Indonesia Stocks Rise on Trade Outlook After Parliamentary Truce

Indonesia’s benchmark stock index gained for the first time in seven days on speculation President Joko Widodo will improve regional trade ties and secure enough support from parliament to push through reforms.

The Jakarta Composite Index rose 1.3 percent to 5,029.94 at the midday break. Auto distributor PT Astra International added 3.4 percent, providing the biggest boost for the benchmark gauge. PT Telekomunikasi Indonesia advanced 2.7 percent, while PT Bank Mandiri, the country’s largest lender by assets, gained 2.2 percent.

Widodo, known as Jokowi, is on a nine-day trip to attend the Asia Pacific Economic Cooperation summit in Beijing, followed by an Asean summit in Myanmar and a Group of 20 meeting in Brisbane, prompting speculation he’ll attract more foreign direct investment to Southeast Asia’s biggest economy. Both camps in the country’s parliament have reached an agreement on the number of seats for leaders of parliamentary commissions, Idrus Marham, secretary general of Golkar, the largest opposition party, said yesterday.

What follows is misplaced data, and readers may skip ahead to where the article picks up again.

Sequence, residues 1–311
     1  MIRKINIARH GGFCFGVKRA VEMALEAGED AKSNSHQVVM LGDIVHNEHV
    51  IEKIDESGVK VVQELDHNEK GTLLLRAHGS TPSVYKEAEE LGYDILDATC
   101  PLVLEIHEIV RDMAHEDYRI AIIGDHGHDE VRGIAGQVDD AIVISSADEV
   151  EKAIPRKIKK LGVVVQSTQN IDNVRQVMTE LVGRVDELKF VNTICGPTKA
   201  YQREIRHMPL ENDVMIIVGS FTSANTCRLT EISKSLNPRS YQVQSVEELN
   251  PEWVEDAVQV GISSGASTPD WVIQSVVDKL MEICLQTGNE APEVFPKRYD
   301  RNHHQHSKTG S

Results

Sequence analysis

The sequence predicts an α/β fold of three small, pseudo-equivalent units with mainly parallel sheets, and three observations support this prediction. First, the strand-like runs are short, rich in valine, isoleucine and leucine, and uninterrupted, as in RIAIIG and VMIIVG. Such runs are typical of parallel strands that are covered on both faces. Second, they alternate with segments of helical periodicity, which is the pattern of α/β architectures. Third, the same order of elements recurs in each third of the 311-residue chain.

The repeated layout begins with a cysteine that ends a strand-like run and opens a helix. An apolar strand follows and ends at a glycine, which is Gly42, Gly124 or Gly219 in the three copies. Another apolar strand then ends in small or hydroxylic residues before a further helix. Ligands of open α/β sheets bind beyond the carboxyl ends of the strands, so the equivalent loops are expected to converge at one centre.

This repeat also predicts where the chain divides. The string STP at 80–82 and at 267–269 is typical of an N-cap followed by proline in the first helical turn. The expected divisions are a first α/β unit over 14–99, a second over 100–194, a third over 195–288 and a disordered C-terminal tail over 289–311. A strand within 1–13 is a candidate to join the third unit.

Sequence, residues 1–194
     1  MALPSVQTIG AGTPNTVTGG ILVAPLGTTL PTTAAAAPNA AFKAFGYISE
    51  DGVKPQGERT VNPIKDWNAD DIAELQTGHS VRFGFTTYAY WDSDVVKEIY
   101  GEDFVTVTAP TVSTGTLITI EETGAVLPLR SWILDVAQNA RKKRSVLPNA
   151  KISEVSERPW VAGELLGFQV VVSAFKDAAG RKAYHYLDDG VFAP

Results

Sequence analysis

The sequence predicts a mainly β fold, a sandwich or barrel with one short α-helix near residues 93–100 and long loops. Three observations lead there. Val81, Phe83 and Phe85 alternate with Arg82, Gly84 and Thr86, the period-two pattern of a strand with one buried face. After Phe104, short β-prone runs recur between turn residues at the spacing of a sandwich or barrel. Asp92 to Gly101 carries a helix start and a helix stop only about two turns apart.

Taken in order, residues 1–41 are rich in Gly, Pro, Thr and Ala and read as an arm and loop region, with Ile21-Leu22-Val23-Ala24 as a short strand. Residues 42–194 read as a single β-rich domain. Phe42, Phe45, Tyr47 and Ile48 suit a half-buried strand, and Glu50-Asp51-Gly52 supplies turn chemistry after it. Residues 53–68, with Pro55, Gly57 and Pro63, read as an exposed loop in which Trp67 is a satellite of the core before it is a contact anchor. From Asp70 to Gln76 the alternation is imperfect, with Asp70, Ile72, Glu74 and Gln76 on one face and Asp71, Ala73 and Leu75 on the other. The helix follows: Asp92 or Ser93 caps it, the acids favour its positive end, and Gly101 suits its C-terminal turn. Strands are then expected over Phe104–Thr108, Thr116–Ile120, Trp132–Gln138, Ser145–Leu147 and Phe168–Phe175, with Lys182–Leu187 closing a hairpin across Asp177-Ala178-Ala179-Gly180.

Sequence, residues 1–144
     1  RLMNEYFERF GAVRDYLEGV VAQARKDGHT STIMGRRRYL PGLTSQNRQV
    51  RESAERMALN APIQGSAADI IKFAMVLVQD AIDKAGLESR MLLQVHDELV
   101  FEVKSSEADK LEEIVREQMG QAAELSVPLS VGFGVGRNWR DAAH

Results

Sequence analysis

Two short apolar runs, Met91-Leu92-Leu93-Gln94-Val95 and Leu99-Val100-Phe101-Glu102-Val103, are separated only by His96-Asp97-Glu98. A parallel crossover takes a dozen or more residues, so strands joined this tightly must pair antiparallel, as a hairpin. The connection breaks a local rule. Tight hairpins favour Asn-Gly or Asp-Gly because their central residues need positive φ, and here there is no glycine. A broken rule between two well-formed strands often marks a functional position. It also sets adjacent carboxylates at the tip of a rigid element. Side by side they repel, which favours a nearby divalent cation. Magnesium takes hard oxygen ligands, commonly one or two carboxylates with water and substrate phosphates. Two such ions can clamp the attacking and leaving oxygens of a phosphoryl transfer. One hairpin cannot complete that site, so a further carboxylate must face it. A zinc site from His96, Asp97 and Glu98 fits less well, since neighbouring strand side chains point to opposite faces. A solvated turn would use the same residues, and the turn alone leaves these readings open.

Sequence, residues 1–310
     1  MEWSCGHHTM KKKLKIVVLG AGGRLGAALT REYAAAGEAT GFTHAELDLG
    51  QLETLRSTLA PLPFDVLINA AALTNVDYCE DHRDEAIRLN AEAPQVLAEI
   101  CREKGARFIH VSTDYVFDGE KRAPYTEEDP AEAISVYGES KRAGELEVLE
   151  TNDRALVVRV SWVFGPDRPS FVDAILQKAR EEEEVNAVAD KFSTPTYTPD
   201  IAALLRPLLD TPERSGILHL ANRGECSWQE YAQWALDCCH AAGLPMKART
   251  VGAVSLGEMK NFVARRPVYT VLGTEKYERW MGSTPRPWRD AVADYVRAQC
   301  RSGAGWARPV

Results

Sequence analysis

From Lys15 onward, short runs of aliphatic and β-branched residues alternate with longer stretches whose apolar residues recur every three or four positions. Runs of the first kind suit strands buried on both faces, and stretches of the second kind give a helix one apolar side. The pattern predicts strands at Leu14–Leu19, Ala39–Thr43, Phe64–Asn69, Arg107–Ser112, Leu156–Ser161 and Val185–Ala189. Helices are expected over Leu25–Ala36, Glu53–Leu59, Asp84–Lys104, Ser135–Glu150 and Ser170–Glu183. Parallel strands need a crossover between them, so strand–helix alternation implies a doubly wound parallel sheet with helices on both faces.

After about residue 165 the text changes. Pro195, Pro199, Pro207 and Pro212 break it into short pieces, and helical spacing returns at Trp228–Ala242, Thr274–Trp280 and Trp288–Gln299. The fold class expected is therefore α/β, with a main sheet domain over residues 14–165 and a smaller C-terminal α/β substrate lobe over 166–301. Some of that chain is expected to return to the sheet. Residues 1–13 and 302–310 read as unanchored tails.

“The truce in parliament is expected to significantly lower the political risk for investors,” Agus Yanuar, president director at PT Samuel Aset Manajemen, said today. “Investors are also hoping that Jokowi will be able to bring investments into the country from his first overseas trip.”

Russia is targeting $5 billion in trade with Southeast Asia’s largest country in 2015, Indonesia’s foreign ministry said in a statement yesterday after discussions between Jokowi and Russian President Vladimir Putin in Beijing. Russia is developing an aluminum smelter in Indonesia valued at about $1 billion, according to the ministry.

Since starting work on Oct. 27, Jokowi’s ministers have promised to cut fuel subsidies and overhaul permits for investors. Jokowi’s biggest test will be in pushing through plans to increase the price of subsidized fuel, Yanuar said. The government plans to raise prices this month, Sofyan Djalil, coordinating minister for economic affairs, said on Nov. 4.

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